Your true traveller finds boredom rather agreeable than painful.
It is the symbol of his liberty - his excessive freedom.
He accepts his boredom, when it comes, not merely philosophically,
but almost with pleasure.

Aldous Huxley

Monday, June 1, 2009

More on Trafigura, and how it goes under-reported in the media...

Trafigura, or how can people be that evil toward their own kind. After looking for some time I found more material to read on Trafigura and it's shameful action in Ivory Cost about 3 years ago.

In a previous post I related the great documentary produced by Al Jazeera, but I just found out that BBC had also produced another report, which is just as good.
Or I should rather say 'devastating' instead of 'great', as the topic is absolutely horrible. It is even hard to conceive that such evilness can be so easily done to men. Well I guess we tend to forget rather too rapidly the many examples that spot our history, from Hitler to Rwanda and Cambodia and Armenia and Guantanamo and Darfour and Palestine and Northen Uganda and ... The list goes on.

Coming back to Trafigura, I was quite glad to see that Al Jazeera wasn't the sole media to report this case.
But this was before discovering this article from The Guardian in which we learn that Trafigura is doing it's best to shut down any report made on them. Apparently they are trying to sue BBC for showing this documentary which is supposedly alleging false claims about Trafigura's abuses.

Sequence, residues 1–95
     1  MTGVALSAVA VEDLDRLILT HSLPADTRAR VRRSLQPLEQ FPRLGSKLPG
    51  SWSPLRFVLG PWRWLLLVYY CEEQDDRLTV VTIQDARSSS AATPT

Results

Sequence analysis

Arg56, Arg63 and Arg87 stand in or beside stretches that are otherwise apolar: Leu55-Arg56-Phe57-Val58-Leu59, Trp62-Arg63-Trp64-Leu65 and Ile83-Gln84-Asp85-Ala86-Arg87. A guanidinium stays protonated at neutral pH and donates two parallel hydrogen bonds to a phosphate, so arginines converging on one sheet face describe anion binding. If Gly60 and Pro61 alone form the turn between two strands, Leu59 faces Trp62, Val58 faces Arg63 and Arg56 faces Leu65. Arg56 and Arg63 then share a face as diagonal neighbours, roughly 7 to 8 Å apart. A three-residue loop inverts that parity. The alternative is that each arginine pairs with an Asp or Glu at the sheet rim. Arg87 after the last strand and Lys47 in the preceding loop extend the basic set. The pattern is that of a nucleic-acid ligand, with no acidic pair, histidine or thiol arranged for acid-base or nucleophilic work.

In the same time there is a huge PR campaign going on to make the company look better, while many journalists are being threatened not to write about the scandal.

But here and there some stories are being published. Of interest is one from the Financial Time on the question of the US Alien Tort Claims Act of 1789 which allows anyone to sue any company in the world against alleged human rights crimes in a US court - or at least it is being interpreted that way.
Apparently it is becoming more and more common to see huge multinational corporations being held accountable for their abuses of the international laws' loopholes. It has notably been used in the case of the Ogoni people in Nigeria against the Royal Dutch Shell Company, and the trial is taking place right as I speak.

(photos: NYTimes)